distinction. Tall and lean with a carriage that commanded respect,
employees held Fithian in awe. Mo one addressed him by any name
other than Dr. Fithian. Even behind his back he was referred to as
‘the doctor,’ although his medical practice was reduced to
personally handling all first aid services for employees.

Fithian’s inventiveness was reflected in his home, which
over a period of time became a self-contained estate. Water from
drilled wells was stored in a huge standpipe located in the woods,
maintaining a pressurized supply to the entire property, which
included a swimming pool and a greenhouse. A gas well supplied fuel
to heat buildings and run a generator that provided electricity.
The house itself featured brick construction with air-pocketed
walls giving the effect of air conditioning.

Fithian never appeared to waver from total control of his
dignity. The doctor could not abide drinking, smoking, or swearing.
He also opposed dancing and playing cards. Religion, although
extremely important to him, was not the sole basis for such
feelings. He was angered by seeing families go hungry while the
breadwinners drank, smoked and gambled. In addition, he carried the
influence of a strong prohibitionist father who had seen a close
friend nearly killed by a man in a drunken stupor. It was said that
Fithian hated alcoholics as a group, but was sympathetic to
individual drunks. He literally picked them out of gutters and
tried to set them straight.

Fithian’s imposing demeanor was seldom interpreted as
stuffiness. Voters elected him mayor, and he unsuccessfully ran for
both governor and the senate under the Prohibitionist party ticket.
It was characteristic that for his campaign he designed what many
people claimed to be the nation’s first motor home. Using the
elongated frame of a truck, candidate Fithian and Grove City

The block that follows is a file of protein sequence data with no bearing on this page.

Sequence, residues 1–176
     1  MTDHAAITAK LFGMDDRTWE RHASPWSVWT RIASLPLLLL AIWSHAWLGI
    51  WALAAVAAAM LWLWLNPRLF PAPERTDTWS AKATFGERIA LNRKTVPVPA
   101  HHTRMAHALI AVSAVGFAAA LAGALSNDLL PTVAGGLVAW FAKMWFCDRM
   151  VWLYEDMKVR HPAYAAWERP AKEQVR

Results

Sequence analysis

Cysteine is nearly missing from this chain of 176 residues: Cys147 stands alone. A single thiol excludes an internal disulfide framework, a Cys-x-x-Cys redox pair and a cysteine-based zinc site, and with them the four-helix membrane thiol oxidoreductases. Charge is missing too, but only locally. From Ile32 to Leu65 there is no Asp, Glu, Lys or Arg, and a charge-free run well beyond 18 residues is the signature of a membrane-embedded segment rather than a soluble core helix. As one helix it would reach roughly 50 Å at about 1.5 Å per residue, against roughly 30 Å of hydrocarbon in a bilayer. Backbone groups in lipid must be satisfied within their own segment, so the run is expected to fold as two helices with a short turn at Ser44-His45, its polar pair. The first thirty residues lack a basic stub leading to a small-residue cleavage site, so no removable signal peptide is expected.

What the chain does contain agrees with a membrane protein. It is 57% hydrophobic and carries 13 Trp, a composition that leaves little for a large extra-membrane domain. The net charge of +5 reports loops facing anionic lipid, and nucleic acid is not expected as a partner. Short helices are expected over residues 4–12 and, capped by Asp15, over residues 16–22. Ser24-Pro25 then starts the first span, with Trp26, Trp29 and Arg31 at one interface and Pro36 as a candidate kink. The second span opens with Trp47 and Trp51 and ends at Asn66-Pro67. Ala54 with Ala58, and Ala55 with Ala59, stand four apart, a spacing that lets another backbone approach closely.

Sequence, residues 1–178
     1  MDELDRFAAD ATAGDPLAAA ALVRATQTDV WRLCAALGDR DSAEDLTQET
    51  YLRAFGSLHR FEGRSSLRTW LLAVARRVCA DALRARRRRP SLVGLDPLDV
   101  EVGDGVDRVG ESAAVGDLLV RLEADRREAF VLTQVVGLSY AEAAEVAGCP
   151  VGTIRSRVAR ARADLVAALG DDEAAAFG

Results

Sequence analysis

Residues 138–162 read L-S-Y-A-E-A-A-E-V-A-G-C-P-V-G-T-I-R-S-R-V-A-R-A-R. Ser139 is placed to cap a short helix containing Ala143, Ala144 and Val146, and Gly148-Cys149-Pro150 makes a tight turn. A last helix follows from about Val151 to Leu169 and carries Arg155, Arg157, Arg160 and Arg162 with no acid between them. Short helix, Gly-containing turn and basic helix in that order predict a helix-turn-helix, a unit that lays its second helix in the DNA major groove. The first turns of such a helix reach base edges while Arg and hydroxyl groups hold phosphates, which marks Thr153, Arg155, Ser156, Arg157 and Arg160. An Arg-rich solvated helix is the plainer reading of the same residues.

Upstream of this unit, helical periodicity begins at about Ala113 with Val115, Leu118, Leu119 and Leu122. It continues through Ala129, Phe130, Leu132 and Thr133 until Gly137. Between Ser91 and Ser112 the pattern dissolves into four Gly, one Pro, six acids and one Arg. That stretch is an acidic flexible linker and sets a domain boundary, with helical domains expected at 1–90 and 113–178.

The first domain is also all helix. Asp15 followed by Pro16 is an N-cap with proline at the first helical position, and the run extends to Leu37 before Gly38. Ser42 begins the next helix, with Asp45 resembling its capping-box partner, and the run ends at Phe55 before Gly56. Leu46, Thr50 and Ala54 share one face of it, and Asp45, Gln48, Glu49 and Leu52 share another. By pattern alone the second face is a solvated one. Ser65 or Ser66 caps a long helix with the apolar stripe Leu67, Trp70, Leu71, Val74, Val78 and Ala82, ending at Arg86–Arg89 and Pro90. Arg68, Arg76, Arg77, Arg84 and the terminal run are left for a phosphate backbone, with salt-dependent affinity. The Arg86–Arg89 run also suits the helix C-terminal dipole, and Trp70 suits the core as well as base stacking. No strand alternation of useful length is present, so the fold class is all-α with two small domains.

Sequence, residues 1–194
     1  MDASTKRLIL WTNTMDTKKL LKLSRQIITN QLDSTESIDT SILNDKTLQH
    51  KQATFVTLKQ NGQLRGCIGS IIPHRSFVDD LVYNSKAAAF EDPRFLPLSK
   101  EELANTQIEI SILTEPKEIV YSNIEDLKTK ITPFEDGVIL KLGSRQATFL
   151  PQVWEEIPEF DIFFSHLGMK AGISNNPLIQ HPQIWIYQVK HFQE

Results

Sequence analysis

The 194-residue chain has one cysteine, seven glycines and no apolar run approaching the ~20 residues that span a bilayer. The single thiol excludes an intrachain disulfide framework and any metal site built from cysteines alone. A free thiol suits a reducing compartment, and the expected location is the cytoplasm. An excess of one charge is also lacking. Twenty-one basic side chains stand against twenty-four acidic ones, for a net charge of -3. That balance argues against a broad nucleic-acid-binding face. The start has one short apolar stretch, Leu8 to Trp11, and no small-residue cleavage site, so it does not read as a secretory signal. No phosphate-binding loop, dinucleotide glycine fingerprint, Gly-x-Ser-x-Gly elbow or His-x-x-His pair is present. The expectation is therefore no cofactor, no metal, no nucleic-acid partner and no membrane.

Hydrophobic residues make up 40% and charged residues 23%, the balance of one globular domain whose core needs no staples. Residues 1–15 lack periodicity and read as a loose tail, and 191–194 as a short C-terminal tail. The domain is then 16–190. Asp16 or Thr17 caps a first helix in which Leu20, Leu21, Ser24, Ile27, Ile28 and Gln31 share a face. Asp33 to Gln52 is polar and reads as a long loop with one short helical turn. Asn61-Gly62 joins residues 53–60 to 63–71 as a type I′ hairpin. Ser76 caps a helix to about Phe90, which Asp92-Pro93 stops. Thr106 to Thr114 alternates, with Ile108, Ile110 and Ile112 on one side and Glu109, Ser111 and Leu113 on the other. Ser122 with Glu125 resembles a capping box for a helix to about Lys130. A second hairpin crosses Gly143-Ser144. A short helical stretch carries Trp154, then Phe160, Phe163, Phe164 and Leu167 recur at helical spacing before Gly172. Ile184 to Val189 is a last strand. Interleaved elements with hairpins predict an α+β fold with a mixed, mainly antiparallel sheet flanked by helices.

mechanic Ed Black constructed a special bus for the campaign trail.
The interior, designed by the doctor, featured cut velvet
upholstery, built-in storage cabinets, a Pullman seat, table,
icebox, lavatory, and pure silk window shades. The vehicle had a
rear platform resembling that of a railroad coach, from which he
spoke to voters across the state of Pennsylvania.

Bessemer Gas Engine Co. eventually merged with what today is
Cooper Industries, and many engines carry the name Cooper-Bessemer.
Cooper, a large, worldwide corporation, consists of the mergers of
many companies in America’s industrial history, such as
Superior Gas Engine Co., Ajax, Gardner-Denver, Lufkin, Crescent and
many others.

The contributions of Dr. Edwin J. Fithian and John Carruthers to
history are not as well known as those of the Wright brothers or
Henry Ford, but we who collect old oil field engines can appreciate
the genius of these men who built engines that have stood the test
of time. Special thanks to Cooper Industries for permission to
excerpt from Cooper Industries 1833-1983 by David N.
Keller, a history of the Cooper company.

Contact the Oil Field Engine Society at: 1231 Banta’s
Creek Rd., Eaton, OH 45320-9701, or e-mail at:
oilengine@voyager.net or visit us on-line at:
www.oilfieldengine.com